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Subaru wagon still functional after all these years

Back in the Outback

Nearly 20 years ago I took a Subaru Outback to a snow-covered deserted parking lot in Kettering to see what it could do. You know, slides and spins and such. Five minutes later and the Outback had proved its mettle. This was no rear-wheel drive behemoth of my youth that gleefully (and sometimes terrifyingly) skidded under the tamest of winter conditions.

Fast forward a few years to Connecticut, where the white stuff fell heavy and often. It was hard to miss all the Subarus traversing merrily along, led by the Outback.

And now here we are in 2018 and while the Midwest’s weather pattern has been stop and go, there is no need to second-guess the abilities of the Outback whose all-wheel drive was, is and likely will forever be a stabilizing factor under the worse of conditions.

The latest Outback comes in base, Premium, Limited and Touring trims with pricing beginning at $25,895 and rising to $38,690. The standard engine is a 2.5-liter 4-cylinder that turns out 175 horsepower. A 3.6-liter V6 with 256-hp is available on the Limited and Touring models.

Our test vehicle was the Touring version with the 4-cylinder engine. Did we feel short-changed with the pedestrian power output? Absolutely not. Take a look at the Outback. It’s a labeled sport-utility vehicle disguised as a wagon whose primary purposes are cargo-loading versatility (35.5 cubic feet of space in the back; 73.3 cubic feet with the split/folding rear seats down) and decent handling when circumstances require peace of mind.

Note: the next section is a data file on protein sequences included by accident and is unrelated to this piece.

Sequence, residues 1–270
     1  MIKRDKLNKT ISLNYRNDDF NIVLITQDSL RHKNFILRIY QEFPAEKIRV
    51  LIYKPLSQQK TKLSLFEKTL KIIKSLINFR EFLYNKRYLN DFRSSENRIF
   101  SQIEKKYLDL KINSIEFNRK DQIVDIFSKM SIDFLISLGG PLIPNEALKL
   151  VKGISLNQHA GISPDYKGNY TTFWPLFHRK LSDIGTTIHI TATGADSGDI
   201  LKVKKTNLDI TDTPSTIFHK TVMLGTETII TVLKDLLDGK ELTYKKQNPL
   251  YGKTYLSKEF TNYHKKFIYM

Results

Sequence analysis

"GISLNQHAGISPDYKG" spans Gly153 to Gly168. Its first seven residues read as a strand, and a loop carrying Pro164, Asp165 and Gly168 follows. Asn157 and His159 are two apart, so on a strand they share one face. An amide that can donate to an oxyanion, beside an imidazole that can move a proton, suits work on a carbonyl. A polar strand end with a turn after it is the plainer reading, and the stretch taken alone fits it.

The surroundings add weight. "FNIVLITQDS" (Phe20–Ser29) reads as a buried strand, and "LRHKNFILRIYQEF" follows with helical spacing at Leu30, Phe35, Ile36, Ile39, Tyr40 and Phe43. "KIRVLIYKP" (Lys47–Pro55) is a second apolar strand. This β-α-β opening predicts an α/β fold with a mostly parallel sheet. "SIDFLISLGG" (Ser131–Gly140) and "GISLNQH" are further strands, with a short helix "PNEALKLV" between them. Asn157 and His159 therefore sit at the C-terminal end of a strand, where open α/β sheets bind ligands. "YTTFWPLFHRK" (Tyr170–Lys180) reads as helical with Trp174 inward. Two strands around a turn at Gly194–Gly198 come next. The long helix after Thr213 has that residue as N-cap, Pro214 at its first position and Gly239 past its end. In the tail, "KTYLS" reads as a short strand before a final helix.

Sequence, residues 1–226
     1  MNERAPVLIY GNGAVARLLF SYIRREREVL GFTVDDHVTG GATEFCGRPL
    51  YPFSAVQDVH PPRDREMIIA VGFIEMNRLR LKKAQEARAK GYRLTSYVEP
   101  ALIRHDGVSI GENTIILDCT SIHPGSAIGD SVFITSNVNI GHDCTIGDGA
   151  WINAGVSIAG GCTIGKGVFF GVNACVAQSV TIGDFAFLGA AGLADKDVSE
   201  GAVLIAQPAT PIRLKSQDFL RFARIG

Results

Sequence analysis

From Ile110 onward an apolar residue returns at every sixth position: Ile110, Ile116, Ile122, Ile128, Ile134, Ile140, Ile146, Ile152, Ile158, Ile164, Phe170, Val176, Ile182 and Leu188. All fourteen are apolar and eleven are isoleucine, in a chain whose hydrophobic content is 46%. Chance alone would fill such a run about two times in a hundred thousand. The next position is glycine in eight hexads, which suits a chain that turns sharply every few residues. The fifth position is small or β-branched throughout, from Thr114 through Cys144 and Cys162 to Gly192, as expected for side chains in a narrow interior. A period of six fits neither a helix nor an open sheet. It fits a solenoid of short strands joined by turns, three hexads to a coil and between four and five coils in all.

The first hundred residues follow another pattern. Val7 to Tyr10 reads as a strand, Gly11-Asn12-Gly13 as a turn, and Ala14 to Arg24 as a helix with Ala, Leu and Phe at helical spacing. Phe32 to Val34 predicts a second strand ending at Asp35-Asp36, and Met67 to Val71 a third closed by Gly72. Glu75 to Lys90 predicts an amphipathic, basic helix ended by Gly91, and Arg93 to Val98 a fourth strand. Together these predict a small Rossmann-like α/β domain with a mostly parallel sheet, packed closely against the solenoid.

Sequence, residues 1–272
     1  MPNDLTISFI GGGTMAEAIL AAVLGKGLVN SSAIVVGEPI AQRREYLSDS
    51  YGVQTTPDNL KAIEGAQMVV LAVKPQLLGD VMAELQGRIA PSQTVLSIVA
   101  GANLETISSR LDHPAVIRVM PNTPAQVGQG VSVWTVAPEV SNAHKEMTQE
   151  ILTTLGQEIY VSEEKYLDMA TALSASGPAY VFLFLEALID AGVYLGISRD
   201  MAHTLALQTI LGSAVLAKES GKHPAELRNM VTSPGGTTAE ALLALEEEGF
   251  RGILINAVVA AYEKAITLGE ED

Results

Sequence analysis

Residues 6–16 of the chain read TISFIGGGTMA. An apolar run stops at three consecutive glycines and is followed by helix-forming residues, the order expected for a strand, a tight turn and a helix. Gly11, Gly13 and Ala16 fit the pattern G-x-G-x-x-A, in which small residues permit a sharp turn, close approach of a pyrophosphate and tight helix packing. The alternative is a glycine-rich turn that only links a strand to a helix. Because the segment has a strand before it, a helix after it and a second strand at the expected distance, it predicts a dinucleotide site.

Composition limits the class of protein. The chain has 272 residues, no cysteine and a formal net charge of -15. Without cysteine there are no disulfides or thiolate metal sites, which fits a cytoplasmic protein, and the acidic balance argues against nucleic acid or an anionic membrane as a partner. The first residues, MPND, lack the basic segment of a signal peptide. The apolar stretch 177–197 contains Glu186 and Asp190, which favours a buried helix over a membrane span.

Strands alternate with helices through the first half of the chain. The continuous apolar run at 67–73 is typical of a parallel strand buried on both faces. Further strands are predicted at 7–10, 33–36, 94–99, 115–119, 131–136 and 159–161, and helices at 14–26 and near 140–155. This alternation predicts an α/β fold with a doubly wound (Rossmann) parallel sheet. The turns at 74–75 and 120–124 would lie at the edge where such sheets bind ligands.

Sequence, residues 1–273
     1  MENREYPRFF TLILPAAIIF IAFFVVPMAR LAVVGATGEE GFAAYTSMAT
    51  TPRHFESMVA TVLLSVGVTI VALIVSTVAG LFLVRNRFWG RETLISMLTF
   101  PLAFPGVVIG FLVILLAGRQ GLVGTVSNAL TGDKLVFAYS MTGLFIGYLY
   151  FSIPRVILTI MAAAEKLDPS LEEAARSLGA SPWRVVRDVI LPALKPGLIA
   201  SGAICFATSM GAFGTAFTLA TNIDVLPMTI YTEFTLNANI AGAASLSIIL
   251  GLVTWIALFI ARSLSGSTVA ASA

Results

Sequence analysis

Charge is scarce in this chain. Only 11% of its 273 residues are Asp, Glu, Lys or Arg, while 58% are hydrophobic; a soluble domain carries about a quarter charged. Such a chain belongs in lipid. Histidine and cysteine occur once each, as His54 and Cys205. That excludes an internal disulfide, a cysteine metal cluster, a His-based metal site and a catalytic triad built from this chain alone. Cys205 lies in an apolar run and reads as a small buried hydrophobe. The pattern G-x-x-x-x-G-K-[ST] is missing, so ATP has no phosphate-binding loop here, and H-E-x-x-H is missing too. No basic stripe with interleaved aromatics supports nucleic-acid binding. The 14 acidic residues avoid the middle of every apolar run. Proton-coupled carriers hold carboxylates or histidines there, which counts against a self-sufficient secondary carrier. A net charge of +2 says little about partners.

The continuously variable transmission operates as smoothly as you would expect, and there are also paddle shifters that allow for an automatic transmission-like experience.

The exterior of the Outback has been freshened with a new grille, bumpers and mirrors and sits 8.7 inches above the ground. LED headlights turn along with the steering wheel. The trim we drove has auto-up and auto-down power windows. Infotainment feature have been upgraded. The tire-pressure monitoring system now displays individual tires.

Inside there is comfortable and roomy seating for five. Driver-accessible controls are large and easily used, including the audio, Bluetooth and cruise control switches on the steering wheel. Back-seat riders have a good amount of legroom that might be deceptive considering the vehicle itself is less than 16 feet long. They also get their own USB power port. All riders have a good view of the outside surroundings.

The cargo area has a rubber mat that keeps items from rolling around. It’s easy to clean and is accessed by a wide-opening power rear gate.

Just like it was 20 years ago, the Subaru Outback proves to be a multi-purpose vehicle for all seasons.

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